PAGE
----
While thinking about all the bankruptcies of 2020, this can be an option for everyone listed above and also for those who might have taken a personal loan for a house, you need to keep in mind that going bankrupt doesn’t necessarily translate to being completely free of your loan. While chapter 7 is considered a straight option out by selling all your assets, chapter 13 which is also called reorganization, and chapter 11 which is the same thing but for business demands you to start a new payment plan through which either the interest or the amount of loan is decreased but you still have to pay some part of your loan in the next 3-5 years. Plus, there is always the stamp that will stay on your credit for the next 10years if you choose to go bankrupt!

What Should I do then?

Our recommendation would be to only opt for this if it is the only thing you can do. The reason why COVID-19 is not just a reason because of which you would want to file for it is because of the relief plan. If you are getting funds from there, you are not obliged to include them in your payment plan which is a benefit for the debtor. Plus, because of the situation, there are certainly different levels at which government and personal investors are allowing ease in the payment process so you can always talk it out.

Lastly, if you still opt for bankruptcy, do keep in mind that you need to first consult an expert and only then start the process. Also, while the dates might be delayed for the hearings, the filing and fee processes should not be delayed!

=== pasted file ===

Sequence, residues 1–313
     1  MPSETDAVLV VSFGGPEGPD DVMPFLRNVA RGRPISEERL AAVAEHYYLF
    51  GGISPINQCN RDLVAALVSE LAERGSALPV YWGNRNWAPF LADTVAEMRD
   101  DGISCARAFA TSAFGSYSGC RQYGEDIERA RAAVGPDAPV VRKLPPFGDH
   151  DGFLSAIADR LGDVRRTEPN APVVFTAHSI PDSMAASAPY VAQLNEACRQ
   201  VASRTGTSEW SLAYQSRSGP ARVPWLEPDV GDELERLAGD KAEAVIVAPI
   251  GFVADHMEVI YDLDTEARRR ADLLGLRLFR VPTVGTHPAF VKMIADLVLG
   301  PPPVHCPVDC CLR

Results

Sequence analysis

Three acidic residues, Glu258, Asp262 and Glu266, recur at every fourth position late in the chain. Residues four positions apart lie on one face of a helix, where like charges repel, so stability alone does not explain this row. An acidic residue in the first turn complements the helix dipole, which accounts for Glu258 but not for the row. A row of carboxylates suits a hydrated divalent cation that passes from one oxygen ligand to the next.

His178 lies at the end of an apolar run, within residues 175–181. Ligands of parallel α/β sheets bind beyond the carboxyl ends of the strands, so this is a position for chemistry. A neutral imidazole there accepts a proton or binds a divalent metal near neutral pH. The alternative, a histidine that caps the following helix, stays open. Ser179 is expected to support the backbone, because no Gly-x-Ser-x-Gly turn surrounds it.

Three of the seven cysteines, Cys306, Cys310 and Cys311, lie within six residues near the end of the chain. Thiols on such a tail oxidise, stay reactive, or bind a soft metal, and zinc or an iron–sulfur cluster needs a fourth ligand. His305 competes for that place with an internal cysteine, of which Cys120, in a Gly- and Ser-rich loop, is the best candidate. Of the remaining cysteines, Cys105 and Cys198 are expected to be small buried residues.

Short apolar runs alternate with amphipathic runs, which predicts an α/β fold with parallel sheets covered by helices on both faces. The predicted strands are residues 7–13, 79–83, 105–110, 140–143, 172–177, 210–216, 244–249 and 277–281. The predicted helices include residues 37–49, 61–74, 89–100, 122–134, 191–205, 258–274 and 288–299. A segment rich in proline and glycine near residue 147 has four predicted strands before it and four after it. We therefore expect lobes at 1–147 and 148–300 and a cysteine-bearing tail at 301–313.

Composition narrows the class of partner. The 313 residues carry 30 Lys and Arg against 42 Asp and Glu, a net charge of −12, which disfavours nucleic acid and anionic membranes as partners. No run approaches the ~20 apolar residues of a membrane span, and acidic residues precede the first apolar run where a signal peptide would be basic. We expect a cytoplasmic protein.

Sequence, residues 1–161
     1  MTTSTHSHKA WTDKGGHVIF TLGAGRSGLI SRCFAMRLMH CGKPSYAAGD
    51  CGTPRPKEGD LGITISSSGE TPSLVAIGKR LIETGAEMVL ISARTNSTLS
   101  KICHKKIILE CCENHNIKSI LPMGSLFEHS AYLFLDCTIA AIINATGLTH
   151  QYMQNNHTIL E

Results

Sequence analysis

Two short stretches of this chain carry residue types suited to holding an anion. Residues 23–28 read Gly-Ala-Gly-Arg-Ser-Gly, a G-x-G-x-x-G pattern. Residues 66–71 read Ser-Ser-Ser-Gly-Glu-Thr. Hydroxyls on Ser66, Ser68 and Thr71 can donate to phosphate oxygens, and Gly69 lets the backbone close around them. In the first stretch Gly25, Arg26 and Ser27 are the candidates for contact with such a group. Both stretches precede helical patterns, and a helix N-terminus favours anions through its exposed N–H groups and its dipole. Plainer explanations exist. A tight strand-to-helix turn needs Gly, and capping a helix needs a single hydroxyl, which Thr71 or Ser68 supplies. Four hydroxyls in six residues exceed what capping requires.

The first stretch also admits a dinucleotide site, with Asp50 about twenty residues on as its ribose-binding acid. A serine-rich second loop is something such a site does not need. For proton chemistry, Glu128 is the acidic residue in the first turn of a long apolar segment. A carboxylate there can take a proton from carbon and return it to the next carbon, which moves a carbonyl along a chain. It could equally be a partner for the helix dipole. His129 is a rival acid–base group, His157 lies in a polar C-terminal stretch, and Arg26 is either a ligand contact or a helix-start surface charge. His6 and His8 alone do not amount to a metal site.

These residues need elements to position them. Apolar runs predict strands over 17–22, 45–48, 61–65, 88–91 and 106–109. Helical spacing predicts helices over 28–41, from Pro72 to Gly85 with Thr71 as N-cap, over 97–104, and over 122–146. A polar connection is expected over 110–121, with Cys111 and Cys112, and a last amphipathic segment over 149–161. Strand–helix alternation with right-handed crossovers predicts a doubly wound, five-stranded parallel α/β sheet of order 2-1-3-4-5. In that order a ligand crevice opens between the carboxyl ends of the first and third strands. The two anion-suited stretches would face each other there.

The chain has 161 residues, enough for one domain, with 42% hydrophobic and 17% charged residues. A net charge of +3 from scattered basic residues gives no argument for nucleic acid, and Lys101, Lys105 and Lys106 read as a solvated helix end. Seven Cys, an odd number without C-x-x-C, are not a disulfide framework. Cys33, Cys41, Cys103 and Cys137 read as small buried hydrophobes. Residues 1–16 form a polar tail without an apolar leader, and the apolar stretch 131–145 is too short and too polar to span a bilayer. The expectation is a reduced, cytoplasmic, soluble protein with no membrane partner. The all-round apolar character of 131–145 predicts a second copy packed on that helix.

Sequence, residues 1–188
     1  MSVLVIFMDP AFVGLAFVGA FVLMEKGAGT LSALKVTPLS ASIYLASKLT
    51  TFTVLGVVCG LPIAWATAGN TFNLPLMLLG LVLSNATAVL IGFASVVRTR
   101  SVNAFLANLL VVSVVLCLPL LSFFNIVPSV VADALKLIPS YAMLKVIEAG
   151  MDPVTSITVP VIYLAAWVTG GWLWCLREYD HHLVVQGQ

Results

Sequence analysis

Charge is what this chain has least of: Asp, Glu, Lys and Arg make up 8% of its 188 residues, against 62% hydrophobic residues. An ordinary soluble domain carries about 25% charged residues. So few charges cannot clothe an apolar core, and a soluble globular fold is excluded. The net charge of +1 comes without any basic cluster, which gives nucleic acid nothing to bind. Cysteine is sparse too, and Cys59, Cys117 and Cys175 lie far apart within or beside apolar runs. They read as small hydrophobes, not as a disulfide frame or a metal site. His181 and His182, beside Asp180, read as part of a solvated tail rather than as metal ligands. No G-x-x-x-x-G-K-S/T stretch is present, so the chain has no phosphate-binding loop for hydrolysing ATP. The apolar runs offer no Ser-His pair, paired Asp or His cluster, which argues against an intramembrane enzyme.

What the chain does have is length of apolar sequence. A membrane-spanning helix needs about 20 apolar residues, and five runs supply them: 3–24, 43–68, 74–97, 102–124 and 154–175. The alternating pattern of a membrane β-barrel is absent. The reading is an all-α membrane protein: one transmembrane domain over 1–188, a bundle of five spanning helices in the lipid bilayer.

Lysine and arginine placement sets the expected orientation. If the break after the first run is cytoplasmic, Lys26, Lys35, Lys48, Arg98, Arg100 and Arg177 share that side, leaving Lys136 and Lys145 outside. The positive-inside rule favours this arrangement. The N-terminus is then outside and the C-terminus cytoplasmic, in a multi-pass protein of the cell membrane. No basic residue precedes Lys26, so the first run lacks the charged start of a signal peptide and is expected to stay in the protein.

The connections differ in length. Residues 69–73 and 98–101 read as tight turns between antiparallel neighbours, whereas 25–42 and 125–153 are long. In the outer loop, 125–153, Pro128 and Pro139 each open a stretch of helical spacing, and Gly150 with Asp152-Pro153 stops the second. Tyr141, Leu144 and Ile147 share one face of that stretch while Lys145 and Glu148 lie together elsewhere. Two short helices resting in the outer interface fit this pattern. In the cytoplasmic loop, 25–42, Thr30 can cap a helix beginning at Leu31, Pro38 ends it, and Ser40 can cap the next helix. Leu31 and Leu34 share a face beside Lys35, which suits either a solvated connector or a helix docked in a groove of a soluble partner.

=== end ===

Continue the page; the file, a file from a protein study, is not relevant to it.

Colorado Couple Sees $200,000 in Student Loans Forgiven

Colorado Couple Sees $200,000 in Student Loans Forgiven

It is not often that you see student loans being discharged when a person files for bankruptcy. In fact, it so rarely happens that a lot of people have come to mistakenly believe that it is an unforgivable debt. This, of course, makes the new ruling by the U.S. Court of Appeals for the Tenth Circuit in favor of a Colorado couple all the more newsworthy. Rejecting the claims made by the student loan giant, Navient, that the couple’s debt was non-dischargeable under bankruptcy law, the court wrote an amount of $200,000 off of their student loans.

“This has been a huge part of my life for so many years now … It affects your whole life. It affects your relationship with your kids, your marriage — everything”, Paige McDaniel (wife) told the news. In another interview, she also told that the loan company had threatened to garnish her wages to recoup the debt before the couple filed for bankruptcy.

The ruling sets a precedent, a loosening of the student loan discharge law that erstwhile have been very rigid its interpretation. It also months after a separate ruling was made in favor of another student loan borrower, Kevin Rosenberg, who saw more than $200,000 of student loan debt discharged under Chapter 7 bankruptcy.

As of current, there are some 45 million Americans saddled with student loan debts, representing a combined amount of more than $1.6 trillion.